The Karthaus course was absolutely amazing in many different ways. Every morning we would get on the bus to the nearby village, Katharinaberg, where we had our lectures (this was an exception since the traditional lecture hall in Karthaus was under construction). From continuum mechanics and ice sheet modelling to radar sensing and ice/firn core analyses, the morning lectures managed to cover both modelling and observational glaciological work, giving students a solid basis on all different aspects of glaciology.
During the afternoon, we would work on exercises about the content covered in the lectures and on a small group project that was purposedly about something quite different from your research field. This was meant to be so in order to give us a broader view and skillset than what we would already have from the specific field we do our PhD's in.
On one of the days, we went on an excursion to the Ötztal Alps, in a region where summer skiing is a reality. There, we visited first the Grawand glacier. For some students, this was their first time ever on the ice! Not only was the glacier exciting, but we also hiked to the "Im Hinteren Eis" peak, at 3260 meters above sea level! The altitude proved to be the greatest challenge during the hike, demanding several stops for us to catch our breath... From there, we had a wonderful sight of the Hochjoch-Ferner glacier right over the border in Austria. Just a 5 minute hike further along the mountain led us to University of Innsbruck's research hut, where they had a weather station and some instruments to monitor the glacier conditions.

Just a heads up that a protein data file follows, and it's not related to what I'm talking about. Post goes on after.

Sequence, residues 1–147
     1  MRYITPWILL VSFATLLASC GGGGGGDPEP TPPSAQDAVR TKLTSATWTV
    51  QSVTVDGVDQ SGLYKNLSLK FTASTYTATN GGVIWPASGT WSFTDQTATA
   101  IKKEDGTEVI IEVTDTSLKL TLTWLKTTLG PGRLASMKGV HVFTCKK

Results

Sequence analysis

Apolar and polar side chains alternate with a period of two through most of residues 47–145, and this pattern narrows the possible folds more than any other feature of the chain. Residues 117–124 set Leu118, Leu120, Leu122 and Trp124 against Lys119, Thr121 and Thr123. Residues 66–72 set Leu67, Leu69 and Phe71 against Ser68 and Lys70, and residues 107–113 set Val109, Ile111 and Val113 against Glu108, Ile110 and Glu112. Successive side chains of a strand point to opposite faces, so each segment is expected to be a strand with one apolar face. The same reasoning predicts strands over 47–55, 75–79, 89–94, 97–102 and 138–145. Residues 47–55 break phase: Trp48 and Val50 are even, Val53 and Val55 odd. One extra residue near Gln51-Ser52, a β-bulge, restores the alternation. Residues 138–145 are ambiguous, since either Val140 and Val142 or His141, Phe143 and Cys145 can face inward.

On top of everything, the amazing infrastructure provided made the experience even more unique. Amazing food, amazing venue, amazing people. The horizontal environment between students and lecturers made things flow quite easy and, after 10 days living together for almost 24 hours, many bonds were created, new good friendships that will sure strengthen the glaciological community.
However, I could not finish this post without bringing attention to the fact that the gender ratio of lecturers did not show the same care taken regarding the ratio of students. Whereas we were 19 men and 16 women as students, we had a single female lecturer. Not only me, but other students also found it hard to believe that, among brilliant senior scientists such as the ones we had the pleasure to meet and learn from, there are no other women who could be just as fantastic and contribute as much to this amazing summer school. Let's see if some day this could change for the better as it is happening in other areas...
Finally, to everyone who I had the pleasure to share these 11 days with, Grazie/Danke/Thank you!